On Monday, I studied Italian for 45 minutes and then wrote an article for work. B.A. brought me a pain au chocolat from the Castle St. Fitzbillies, which was very kind of him. Then, at lunchtime, I departed the AirBnB with my computer and the luggage, and met B.A. and our friend in the same Fitzbillies for a good-bye lunch. Then we all walked down to the railway station (which took exactly 32 minutes), and B.A. and I got on the 13:27 to London. We alighted at Hitchin, and took the 14:19 to Peterborough, whence we caught the train to Edinburgh. (The ladies' loo in Peterborough gave me a very bad impression of Peterborough.) 

During this complicated train journey, I managed to write another article, so I didn't feel guilty about travelling on a work day. The thing is, there was no return journey on Sunday. Meanwhile, my heart gave a bounce when I saw Berwick Law, for it meant we were back in lovely Scotland.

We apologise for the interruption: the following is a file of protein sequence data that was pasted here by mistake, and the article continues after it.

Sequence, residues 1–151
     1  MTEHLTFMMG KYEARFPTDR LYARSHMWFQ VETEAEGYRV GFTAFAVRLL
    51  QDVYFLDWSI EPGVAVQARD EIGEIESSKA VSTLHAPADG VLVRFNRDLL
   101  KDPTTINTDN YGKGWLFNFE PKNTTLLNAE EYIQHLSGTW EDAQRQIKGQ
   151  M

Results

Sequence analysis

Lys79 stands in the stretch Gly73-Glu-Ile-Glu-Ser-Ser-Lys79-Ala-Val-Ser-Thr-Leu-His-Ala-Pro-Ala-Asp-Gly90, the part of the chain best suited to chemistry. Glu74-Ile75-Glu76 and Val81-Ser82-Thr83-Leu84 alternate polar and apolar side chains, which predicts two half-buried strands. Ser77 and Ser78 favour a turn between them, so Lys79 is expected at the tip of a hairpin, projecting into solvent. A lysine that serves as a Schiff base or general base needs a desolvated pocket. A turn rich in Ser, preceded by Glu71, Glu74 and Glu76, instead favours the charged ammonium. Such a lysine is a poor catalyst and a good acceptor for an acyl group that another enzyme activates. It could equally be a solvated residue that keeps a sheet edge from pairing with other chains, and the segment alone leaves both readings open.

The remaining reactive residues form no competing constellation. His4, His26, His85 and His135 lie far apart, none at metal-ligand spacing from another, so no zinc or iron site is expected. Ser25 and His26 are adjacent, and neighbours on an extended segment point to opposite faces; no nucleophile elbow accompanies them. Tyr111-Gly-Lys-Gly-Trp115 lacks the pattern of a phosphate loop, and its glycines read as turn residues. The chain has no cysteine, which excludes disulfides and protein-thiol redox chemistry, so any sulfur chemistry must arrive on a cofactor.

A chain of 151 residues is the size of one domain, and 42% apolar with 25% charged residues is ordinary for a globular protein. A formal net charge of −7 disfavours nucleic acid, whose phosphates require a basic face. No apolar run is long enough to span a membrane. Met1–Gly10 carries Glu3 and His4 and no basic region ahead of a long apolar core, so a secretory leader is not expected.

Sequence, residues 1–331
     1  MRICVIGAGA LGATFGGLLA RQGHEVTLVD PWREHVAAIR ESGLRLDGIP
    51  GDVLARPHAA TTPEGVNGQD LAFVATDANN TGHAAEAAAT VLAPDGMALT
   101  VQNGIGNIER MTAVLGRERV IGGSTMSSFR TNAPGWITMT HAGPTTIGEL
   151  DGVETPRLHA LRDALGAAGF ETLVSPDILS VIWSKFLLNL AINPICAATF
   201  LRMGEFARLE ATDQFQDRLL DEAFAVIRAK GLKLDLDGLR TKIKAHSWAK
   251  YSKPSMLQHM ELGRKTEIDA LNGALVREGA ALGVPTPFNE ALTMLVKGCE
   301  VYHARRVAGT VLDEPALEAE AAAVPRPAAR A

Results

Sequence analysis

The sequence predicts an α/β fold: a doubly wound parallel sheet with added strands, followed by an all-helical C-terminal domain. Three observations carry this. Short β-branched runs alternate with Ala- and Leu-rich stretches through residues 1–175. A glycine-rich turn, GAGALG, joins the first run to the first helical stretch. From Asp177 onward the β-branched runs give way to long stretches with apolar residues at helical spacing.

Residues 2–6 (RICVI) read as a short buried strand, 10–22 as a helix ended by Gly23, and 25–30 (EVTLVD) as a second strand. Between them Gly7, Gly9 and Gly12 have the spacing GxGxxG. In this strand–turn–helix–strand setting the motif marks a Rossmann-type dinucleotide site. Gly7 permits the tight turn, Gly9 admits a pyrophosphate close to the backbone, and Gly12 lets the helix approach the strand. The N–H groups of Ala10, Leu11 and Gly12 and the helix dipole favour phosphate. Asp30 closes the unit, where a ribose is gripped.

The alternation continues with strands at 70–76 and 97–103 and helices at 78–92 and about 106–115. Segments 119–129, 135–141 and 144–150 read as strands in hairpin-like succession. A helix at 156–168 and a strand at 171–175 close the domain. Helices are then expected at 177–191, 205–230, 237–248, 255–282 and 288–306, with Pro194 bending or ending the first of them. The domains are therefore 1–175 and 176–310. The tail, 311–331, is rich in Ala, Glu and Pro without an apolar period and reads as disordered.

My overall impressions are that Cambridge is a lovely town and students there are greatly to be envied. Covid has reduced much, but not all, foreign tourism, and most tourists are from other parts of Britain.  The "track and trace" system is shocking, annoying, and even frightening. If you or a companion does not have a mobile phone, you will not be permitted entry into pubs and some restaurants. 

The New Blogger is pretty terrible, so I have given up inserting photos and will just put them below.

Saturday 26 September 2020

Joy of a Sunbeam

We are in Cambridge which, as I expected, is a little cold and damp. When the sun came out, I felt a thrill of joy. B.A and I were with our friend, who is a student here, outside a cafe on the new (1989) Quayside by the river,  and a sunbeam lit up the wall of the Las Iguanas restaurant across from us. 

So that is my moment of joy for the day, standing out amongst the general contentment from eating brunch,  visiting a college, going to a super bookshop, wandering through the Fitzwilliam Museum, having tea and cake on the Quayside, and later having a splendiferous Indian super near Jesus Green.  

Friday 25 September 2020

The Toddler's Mite

What is the first memory of receiving enormous generosity? 

Mine is from the mid-1970s when my family lived near Cambridge University. My father was on sabbatical and my brother Nulli and I, the only siblings yet born, were enrolled in a nursery school.

The nursery school had a playground with a number of activities, I imagine, but the only toy I remember was the scooter.